41 thoughts on “Roses round the door

  1. Shovels? I’m not super handy so I might not be the best person to ask, but I feel like if you had to choose a tool for renovations, I would go with something different. Like maybe screw gun. You can never go wrong with a good screw! (or am I just digging myself into a hole here? …good grief I need more sleep)


  2. You could always find a Romanian who is bi-lingual and speaks English well enough. And then just have him observe and teach you the language too. That said, I seem to recall Romanian is a Vulgar Latin base so probably not that hard to pick up.


  3. Romanian you say! I think Professor Higgins would disapprove. Are there no nice Polish workers available? I do hope it all goes well and yes please follow Guido’s advice NO food or coffee they are there to work, you may want to quote their great leader to them, that nice Mr Ceausescu on the virtue of hard work.

    Liked by 1 person

  4. Renovations suck. Coffee and sandwiches or not, nothing ever goes according to schedule. It takes longer and costs more than you ever thought it would, but…it does end. And you and Guido will have a wonderful cafe with roses round the door ๐Ÿ™‚


  5. LOL! Here in the States, we have Plumber’s Crack. It’s the American cousin of Builder’s Bum Crack.

    I’m with Aimer. Renovations suck. My father once got taken by a contractor for about $40k nearly two decades ago when not only was he behind schedule but he seemed like he didn’t want to do the work once he had the materials.


  6. My goodness, what with all the recent hot, humid weather, I hope those builders were not taking clothes off to cool down. I hope there are no jackhammers involved, and that you got your hard hat on when looking at Roman’s builders’ crack.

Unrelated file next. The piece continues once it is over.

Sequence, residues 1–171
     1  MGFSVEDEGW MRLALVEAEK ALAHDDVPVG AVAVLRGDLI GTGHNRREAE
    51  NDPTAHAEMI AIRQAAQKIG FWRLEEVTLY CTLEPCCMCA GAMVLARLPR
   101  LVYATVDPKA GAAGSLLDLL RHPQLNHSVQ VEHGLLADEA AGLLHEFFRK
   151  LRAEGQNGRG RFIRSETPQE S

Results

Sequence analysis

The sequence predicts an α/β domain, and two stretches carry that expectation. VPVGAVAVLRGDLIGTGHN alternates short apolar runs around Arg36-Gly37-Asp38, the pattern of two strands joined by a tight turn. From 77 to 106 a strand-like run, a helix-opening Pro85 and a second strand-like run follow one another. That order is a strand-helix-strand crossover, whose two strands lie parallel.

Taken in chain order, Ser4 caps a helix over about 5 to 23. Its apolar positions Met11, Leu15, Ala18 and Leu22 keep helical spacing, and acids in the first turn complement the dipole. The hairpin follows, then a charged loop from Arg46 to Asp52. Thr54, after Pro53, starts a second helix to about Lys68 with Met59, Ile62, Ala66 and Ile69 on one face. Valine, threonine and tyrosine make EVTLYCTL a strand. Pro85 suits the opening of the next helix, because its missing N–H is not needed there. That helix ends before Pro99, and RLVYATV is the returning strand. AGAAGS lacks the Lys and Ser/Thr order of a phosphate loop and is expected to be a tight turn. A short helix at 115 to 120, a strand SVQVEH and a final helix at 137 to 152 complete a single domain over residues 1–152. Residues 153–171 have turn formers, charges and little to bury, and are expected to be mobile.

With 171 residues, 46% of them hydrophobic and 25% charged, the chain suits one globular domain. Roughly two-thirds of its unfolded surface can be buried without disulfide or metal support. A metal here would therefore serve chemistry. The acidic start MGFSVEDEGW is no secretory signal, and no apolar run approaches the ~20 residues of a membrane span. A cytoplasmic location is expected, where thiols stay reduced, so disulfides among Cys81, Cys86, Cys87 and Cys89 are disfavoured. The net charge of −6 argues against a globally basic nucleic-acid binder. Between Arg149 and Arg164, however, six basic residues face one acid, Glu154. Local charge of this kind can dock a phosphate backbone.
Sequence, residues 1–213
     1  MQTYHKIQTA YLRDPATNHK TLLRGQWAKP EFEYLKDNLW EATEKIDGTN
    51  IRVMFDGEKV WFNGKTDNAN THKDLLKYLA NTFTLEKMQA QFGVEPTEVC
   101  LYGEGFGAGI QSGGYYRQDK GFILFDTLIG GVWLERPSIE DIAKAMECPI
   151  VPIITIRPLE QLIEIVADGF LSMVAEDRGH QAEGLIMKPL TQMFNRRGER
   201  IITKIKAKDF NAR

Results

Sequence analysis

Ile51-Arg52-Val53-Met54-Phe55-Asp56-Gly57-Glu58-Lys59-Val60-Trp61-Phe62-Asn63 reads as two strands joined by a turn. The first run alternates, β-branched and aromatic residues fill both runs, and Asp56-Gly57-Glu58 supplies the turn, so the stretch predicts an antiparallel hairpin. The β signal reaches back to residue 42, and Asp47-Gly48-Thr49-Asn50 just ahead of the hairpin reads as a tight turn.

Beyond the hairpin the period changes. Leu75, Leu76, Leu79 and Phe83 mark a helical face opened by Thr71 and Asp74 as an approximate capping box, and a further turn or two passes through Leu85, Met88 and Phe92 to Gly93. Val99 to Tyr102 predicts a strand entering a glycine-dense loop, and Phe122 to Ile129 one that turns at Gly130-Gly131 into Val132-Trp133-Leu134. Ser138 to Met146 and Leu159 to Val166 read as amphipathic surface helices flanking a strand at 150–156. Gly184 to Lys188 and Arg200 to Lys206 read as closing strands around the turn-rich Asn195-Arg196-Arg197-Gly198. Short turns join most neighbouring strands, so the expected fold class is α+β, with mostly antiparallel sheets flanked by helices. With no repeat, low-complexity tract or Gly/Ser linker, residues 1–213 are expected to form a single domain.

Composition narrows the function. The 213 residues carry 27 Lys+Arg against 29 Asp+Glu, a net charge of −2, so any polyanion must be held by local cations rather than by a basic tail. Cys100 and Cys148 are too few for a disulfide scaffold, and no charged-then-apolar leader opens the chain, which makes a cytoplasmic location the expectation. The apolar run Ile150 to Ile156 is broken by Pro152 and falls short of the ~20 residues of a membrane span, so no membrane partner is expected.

7. I saw this article about the differences between what an American and someone from the UK or Europe expects in the way of amenities in a house. I realize that neither of you are American expats, but I immediately thought of you, the designer, redoing the living space at the new place to make it habitable and I thought of the choices and the trade offs you were having to make to keep things within budget so Guido doesn’t kill you. I hope you get a chuckle out of it like I did.

    PDQ (An American who loves my conveniences, even though my 1923 era kitchen has neither the cabinetry nor electrical hookups to allow for all of them)


    • I liked that a lot! I have to say we do have a separate drier (couldn’t live without it…) and I much prefer a top sheet to a duvet, totally agree about Ikea – but no electric kettle and a drinks fridge in the bedroom??
      I do have an American friend who lives in London and went home to her sister’s place on holiday. Her sister was having a new oven fitted. “She never cooks but she was having an oven fitted which was big enough to roast an ox.”
      I find that idea appealing!